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Oxford Chinese Dictionary - upcoming interview with Chief Editor
Posted 30 August 2010 - 03:42 PM
Later in the week, at an actual time to be determined, I'm going to be sitting down with Julie Kleeman, one of the two chief editors on the project.
So, I'm looking for questions - if there's anything you'd like to know about the dictionary or the process of putting it together, stick your question in here and I'll make sure to ask as many as I can.
Also, I'm hoping to actually do the interview via posting on here, so anyone online at the time can jump in with their own questions. That's going to depend on scheduling me Julie into the same place at the same time, so it might not be possible - but hopefully, and I'll let you know as and when that will be.
I'm also working on getting a free copy or two from the OUP vaults - if anyone wants one, let us know what you'll do in exchange.
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Posted 30 August 2010 - 06:55 PM
What would I do for a free copy? The medics have told me I have to give that sort of behaviour up! And the Mrs says "Not another freaking dictionary!" At least that is my interpretation of her outburst in some unidentifiable dialect.
Now that would be useful! A Chinese Wife-English / English -Chinese Wife dictionary. If you send me a free dictionary, I promise to write one. Sometime in the next three hundred years.
Posted 30 August 2010 - 07:49 PM
So how can a dictionary help steer Chinese learners of English away from treating English idioms with the reverence they apply to chengyu, while also helping English-learners of Chinese to find when something might best be said in the form of a chengyu?
Obviously, there are limits to what a dictionary can do and experience of the language is essential, but how can a dictionary help with these aesthetic issues?
Posted 30 August 2010 - 09:04 PM
Roddy, I would also like to know:
- if they indicate when the Chinese words began to be used (or at least written down). EDIT: I mean, if they show when a particular usage became current.
- if they plan to release updates in the future
- what they mean by "Chinese". Is the dictionary based on 普通话, with occasional references to usage outside of the mainland? How about 'dialects' within the mainland: would a non-普通话 expression very commonly used in Beijing be included, but not a word commonly used in (say) Chengdu?
- if they felt that everyday language in the mainland has been influenced by the preferred language and syntax of Chinese government officials, via the very heavy play their speeches etc get (more so in the past) across newspapers, radio and TV.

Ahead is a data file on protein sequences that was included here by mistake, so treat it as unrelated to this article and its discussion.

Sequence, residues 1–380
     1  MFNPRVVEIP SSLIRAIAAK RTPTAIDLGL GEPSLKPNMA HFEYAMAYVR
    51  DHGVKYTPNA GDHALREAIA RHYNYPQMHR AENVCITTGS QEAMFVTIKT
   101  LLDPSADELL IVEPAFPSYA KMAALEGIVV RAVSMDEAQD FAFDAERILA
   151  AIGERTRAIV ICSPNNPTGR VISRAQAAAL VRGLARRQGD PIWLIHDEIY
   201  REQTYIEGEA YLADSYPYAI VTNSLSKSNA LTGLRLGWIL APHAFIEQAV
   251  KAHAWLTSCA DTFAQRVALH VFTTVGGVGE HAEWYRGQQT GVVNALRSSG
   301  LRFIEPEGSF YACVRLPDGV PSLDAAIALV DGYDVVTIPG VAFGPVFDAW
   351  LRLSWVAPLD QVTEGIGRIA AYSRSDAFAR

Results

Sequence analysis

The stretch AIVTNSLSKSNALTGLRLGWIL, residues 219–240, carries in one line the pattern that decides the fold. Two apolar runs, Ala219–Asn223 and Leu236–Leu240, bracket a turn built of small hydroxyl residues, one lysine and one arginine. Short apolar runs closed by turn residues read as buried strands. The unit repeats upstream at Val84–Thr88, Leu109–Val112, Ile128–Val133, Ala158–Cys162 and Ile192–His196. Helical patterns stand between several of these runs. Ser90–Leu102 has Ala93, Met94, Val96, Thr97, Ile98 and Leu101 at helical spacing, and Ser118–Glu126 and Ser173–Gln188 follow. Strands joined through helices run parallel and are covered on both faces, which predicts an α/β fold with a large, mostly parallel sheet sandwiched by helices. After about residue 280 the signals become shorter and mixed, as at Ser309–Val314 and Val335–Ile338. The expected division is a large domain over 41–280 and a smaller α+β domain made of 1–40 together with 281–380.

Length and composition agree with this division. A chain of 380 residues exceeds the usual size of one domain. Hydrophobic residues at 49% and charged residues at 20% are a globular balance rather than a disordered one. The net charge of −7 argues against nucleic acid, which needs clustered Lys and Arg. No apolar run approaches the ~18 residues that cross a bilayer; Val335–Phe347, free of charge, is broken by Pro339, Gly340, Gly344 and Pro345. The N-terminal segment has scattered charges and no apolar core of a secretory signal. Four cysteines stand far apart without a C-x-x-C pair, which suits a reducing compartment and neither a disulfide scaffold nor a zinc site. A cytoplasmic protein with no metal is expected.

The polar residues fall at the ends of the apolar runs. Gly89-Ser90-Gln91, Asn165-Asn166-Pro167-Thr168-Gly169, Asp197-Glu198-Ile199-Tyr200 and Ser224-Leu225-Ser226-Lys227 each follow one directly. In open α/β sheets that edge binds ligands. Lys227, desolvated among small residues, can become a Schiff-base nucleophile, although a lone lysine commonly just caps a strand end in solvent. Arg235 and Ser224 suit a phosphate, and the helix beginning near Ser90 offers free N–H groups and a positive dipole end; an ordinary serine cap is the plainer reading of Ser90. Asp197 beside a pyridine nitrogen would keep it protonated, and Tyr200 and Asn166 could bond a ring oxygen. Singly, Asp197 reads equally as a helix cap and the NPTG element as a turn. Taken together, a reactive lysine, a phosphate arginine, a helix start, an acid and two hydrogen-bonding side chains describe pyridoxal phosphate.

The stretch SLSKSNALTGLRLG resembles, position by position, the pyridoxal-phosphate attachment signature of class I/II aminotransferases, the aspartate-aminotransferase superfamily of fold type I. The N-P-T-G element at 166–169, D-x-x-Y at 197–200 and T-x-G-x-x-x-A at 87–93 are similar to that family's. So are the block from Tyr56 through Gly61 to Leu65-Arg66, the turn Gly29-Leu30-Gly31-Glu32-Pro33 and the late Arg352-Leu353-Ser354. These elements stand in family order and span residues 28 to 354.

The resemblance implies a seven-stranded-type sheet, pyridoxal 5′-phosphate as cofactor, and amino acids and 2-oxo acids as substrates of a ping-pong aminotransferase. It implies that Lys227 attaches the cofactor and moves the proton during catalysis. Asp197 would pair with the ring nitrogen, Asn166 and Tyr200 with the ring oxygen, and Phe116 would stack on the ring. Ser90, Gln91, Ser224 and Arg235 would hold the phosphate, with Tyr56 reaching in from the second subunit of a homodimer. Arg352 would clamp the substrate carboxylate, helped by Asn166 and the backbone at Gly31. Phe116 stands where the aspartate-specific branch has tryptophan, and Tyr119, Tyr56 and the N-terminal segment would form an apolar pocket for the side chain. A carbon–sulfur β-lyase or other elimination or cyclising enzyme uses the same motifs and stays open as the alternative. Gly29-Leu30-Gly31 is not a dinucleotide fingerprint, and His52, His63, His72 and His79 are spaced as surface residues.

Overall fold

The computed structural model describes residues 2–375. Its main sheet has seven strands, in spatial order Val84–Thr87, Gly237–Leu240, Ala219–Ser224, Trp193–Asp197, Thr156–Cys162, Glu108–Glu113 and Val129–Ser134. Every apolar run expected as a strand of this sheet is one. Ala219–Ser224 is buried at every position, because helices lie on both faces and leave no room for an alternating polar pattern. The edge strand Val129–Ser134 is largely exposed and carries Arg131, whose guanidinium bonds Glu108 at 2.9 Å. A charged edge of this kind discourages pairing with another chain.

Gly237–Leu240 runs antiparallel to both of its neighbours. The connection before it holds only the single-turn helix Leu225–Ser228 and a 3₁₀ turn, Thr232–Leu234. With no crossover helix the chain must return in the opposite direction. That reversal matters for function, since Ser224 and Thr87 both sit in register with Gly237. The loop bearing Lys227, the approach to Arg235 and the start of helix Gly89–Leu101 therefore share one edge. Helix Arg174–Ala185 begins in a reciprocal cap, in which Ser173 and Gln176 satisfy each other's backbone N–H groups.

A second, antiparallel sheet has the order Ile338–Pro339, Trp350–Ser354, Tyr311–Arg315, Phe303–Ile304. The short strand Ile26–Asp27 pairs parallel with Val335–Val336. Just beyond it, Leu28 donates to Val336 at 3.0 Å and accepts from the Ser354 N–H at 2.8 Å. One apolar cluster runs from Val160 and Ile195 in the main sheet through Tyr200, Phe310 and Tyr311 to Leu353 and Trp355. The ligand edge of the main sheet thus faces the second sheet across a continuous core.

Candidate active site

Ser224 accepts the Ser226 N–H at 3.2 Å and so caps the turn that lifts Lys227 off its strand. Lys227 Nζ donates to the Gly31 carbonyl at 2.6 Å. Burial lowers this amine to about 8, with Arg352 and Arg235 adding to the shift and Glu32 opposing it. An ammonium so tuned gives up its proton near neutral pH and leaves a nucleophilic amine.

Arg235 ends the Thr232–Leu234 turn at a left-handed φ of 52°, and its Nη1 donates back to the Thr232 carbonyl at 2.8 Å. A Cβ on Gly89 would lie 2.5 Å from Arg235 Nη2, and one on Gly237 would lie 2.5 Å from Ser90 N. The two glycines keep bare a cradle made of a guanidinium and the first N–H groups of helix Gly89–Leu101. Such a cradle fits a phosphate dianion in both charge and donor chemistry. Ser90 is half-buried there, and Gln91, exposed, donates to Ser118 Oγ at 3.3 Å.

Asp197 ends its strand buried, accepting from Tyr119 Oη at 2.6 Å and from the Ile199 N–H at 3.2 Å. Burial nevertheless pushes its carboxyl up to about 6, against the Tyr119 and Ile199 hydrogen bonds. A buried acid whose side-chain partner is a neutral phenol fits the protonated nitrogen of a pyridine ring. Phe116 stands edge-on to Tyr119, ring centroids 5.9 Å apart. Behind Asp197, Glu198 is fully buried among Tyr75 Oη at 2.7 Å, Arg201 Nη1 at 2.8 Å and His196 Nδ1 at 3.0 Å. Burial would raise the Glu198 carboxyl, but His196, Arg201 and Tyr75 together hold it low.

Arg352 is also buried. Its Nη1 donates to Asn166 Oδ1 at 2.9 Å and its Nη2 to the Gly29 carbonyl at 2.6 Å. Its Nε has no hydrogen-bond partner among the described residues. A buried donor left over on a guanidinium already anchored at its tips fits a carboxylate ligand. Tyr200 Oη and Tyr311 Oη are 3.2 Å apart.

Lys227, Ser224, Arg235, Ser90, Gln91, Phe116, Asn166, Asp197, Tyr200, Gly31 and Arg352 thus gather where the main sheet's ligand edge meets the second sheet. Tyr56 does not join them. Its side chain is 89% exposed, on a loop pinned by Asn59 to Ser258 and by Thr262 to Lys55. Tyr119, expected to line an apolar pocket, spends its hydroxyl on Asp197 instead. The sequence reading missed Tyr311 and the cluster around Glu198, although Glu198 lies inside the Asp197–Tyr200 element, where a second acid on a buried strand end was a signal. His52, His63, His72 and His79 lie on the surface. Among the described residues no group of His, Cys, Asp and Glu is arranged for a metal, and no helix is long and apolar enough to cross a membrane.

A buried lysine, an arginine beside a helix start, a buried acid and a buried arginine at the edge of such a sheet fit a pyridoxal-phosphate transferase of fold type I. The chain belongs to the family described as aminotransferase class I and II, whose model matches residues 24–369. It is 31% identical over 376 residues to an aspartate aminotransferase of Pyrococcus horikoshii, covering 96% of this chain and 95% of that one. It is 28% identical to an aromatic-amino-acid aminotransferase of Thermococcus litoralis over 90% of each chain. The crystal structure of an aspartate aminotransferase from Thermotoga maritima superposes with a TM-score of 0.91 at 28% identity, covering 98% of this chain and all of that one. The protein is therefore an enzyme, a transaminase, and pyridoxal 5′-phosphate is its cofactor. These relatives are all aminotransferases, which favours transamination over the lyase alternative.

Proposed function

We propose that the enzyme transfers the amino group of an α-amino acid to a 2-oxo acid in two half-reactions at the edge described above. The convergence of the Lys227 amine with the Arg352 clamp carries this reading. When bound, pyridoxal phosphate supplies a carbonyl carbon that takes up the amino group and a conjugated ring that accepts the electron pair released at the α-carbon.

- for dictionaries like this, would you broadly have Chinese speakers doing Chinese to English, and English speakers English to Chinese (or vice versa)? Or is there no such split? And did there seem to be any clear distinction between how the two sets treated their own language (ie more flexible, more prescriptive etc)?
- finally, did they find the distinction between 书面语 and 口语 holds true in the same way for English as it does for Chinese?
Ha, too many questions, sorry!
Posted 30 August 2010 - 09:33 PM
Given the limited space in a single volume bilingual dictionary, I imagine doing the former usually necessitates the latter. Of course, as someone who does research on China, I'd love lengthy linguistic and etymological analyses of many Chinese terms, but I don't expect to find it.
does that come down to whether a foreign-language dictionary's prime function is to explain what a foreign word means, or to suggest its equivalent in your language?
One of the advantages of digital dictionaries is that they don't need to worry about the cost implications of publishing extra information. They can have layers of information for those who want more than a simple translation. Paper dictionaries need to keep everything tight and easily presentable. To put this in context, I hear that the 3rd edition of the Oxford English Dictionary which they've been working on for 21 years will probably never be published in printed form:
(with apologies for linking to the Telegraph)
Posted 31 August 2010 - 12:54 AM
I don't want to get too off-topic here, but just wanted to point out that we discussed this issue before, in the thread below and I think in some other threads I can't find:
While liberally using chengyu in Chinese is a sign of a high-level of education and literacy, the English equivalents are often old-fashioned, hackneyed clichés, which are best avoided as they suggest an inability to an express an idea in an imaginative way.
Chinese style vs. English style